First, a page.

I bought Cooking from Cyprus in the excellent secondhand bookshop on Clarence road in Hackney, which I used to go to fairly often when I lived there a few years ago. (It was different then – there was an ASBO on the entire street.) Anyway, genial proprietress Rose sells fiction, poetry, arts, politics, health, lots of childrens books and a small selection of cookery books, with a focus on Black authors
I rather like this book because the author is as excited as hell about the recipes. In an attempt to convey the hospitality of Cyprus, he comes across like someone who’s had a good go at at the grappa and a followed it with a couple of cups of strong καφές. Luckily most of the recipes seem to warrant this level of enthusiasm – well marinated grilled meats (the full gamut of ruminants, poultry, game and swine), several pilau, flat breads and mezze. Choosing to cook this stew was entirely based on what I already had in the house (and had taken out of my freezer to defrost). Fans of Turkish food will note the word ‘ttavas’ as similar to ‘tava’.
Straight forward to assemble, the only change I made a half portion of the recipe and use tinned, not fresh, tomatoes. The smell while cooking was reminiscent of brown bread. I ended up with 3 portions (by my standards), not sure what that says about my eating habits (um, I like stew.)
Apologies for the blurry photo – low blood sugar and dying batteries meant I only had the chance to wave the camera over the bowl before it conked out/I did.
As you can see, I ate the fruity, savoury stew with some mashed potato and will definitely be adding this dish to my (unwritten) rota of excellent week-night dinners.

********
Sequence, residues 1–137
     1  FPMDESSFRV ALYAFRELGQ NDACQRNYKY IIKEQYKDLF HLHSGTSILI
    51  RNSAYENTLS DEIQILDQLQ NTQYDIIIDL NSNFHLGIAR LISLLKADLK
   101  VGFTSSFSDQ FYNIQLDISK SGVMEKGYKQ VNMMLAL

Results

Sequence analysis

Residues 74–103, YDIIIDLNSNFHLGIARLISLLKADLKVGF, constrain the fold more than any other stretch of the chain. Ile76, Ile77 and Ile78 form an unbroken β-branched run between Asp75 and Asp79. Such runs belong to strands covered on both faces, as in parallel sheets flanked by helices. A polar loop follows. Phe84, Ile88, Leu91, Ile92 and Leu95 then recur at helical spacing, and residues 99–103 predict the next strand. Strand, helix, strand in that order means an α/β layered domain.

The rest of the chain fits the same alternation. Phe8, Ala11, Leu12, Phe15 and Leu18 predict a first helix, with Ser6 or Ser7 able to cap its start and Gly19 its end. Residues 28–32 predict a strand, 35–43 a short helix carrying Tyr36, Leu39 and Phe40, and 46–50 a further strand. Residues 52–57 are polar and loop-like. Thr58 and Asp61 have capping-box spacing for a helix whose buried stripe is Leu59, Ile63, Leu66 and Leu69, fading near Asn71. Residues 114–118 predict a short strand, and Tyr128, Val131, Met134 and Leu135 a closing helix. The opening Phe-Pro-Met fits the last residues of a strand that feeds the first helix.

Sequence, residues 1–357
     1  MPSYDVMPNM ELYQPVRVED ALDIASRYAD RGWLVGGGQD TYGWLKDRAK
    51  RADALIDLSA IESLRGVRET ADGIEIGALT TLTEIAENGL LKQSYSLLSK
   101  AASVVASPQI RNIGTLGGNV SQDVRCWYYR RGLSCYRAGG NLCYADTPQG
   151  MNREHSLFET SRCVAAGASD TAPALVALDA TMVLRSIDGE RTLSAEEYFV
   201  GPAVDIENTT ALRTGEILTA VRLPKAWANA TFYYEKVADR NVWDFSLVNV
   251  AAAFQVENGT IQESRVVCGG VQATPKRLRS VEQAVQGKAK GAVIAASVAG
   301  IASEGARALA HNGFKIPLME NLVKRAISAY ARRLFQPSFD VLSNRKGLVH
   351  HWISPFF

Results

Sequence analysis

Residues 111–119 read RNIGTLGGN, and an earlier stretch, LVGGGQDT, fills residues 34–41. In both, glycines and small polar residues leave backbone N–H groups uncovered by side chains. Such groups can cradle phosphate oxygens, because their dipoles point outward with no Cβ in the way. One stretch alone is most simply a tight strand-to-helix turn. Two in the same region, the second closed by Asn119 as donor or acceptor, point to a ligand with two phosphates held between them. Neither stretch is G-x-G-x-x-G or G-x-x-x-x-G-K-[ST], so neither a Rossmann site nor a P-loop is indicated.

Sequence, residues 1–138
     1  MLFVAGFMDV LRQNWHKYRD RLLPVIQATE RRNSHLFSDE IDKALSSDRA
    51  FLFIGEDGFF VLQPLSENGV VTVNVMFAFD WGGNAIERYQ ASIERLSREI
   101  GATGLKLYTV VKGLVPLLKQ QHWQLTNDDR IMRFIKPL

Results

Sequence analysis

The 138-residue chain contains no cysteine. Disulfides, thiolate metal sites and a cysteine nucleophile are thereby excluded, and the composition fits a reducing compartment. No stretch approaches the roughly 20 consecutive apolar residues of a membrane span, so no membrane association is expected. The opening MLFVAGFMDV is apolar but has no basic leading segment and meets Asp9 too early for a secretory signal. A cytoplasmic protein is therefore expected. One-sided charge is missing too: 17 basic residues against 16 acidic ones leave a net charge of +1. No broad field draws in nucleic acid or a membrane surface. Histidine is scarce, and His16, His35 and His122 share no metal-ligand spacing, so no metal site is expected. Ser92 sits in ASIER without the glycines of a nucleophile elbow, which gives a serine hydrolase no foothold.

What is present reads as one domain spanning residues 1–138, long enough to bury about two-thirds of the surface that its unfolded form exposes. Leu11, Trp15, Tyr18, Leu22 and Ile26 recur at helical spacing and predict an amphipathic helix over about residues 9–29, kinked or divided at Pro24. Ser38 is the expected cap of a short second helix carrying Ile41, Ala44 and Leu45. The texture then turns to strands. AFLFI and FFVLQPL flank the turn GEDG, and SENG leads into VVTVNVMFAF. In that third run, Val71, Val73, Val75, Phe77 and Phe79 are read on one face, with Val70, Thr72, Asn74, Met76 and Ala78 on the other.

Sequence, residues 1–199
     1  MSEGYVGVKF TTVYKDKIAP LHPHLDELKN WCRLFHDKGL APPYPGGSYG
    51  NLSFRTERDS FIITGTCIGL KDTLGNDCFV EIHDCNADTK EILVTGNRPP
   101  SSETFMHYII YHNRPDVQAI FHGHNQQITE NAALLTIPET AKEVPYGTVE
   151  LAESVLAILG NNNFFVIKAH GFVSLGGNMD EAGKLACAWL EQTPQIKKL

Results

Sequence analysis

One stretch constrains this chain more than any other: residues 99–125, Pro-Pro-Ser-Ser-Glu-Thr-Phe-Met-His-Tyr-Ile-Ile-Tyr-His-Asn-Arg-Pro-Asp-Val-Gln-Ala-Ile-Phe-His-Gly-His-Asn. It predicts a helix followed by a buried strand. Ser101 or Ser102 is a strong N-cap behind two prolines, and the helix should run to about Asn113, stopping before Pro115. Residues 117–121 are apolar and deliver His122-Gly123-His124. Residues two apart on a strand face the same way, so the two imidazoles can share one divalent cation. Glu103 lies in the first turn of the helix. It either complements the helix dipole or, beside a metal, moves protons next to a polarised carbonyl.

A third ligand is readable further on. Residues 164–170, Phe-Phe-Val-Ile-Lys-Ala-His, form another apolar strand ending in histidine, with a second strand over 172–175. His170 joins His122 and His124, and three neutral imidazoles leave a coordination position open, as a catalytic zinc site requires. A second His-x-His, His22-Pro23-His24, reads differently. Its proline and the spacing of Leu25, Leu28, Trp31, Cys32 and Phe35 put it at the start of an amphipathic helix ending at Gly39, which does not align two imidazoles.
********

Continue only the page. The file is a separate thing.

Ttavased by Elly
So, to kick off my contributions to Pie Month here’s a classic. The recipe is from Good Housekeeping’s Cookery Book (1955):
Another from Josceline Dimbleby’s Cooking with Herbs and Spices - this time savoury:
Says Josceline -
One of my favourite Moroccan dishes is these simple meatballs, which are served with eggs lightly cooked in the same dish at the last moment. The taste when the egg yolk breaks into the spiced meat and juices is quite delicious.
This recipe comes from the April chapter of the Reader’s Digest Cookery Year (1976). To be frank, because of their appalling reputation, I was afraid of kebabs until I moved to London and could find them cooked by actual Turkish people. Let’s see how Katie Webber’s recipe measures up! I love that she defines the kebab for those who are innocent of the pleasure of grilled meat on sticks.
Skewered chunks of meat, or kebabs, are popular in the Middle East. They are usually grilled over a charcoal fire, which imparts a smoky flavour to the meat.
In these straitening times, I decided to increase my repertoire of dishes based around mince, using Beverley Pepper’s Potluck Cookery: Original Cooking with what you have on hand in the Cupboard or Refrigerator (Faber and Faber, 1955). The recipes are grouped around specific leftovers e.g. roast pork or boiled potatoes. There is even a section called ‘Nothing in the house but…’ for when the retail value of the contents of your fridge and cupboards is about 60p. The book belonged to my great-aunt who travelled widely and loved to cook and eat out. The recipes are notable for their generous amounts of seasoning compared to others from this era – Potluck Cookery was first published in 1955.
The recipe which caught my attention was Kofta Curry (because WTF?!**).
Recipe three is from 500 Recipes for Casserole Dishes by Catherine Kirkpartick (this impression is from 1969). Published by Paul Hamlyn the book is from a series of ’500 Dishes for..’ books, I also have 500 Recipes for Mixers and Blenders in my collection, and amongst the others published were 500 Recipes for Slimmers,and 500 Recipes for Home-made Wines and Drinks. Both the books I have are somewhat battle-weary, yellowing glue and musty dry pages – these books look like they’ve been well used, and indeed the contents are mainly decent standard recipes – good on their own but also with a lot of potential for improvisation and ingredient substitution – a quality that usually means a book will be referred to often.
Posted in 1960s, 500 Recipes..., Catherine Kirkpatrick
Tagged celery, garlic, lamb, mixed spice, onion, paprika, parsley, pepper, rice, stock, tomato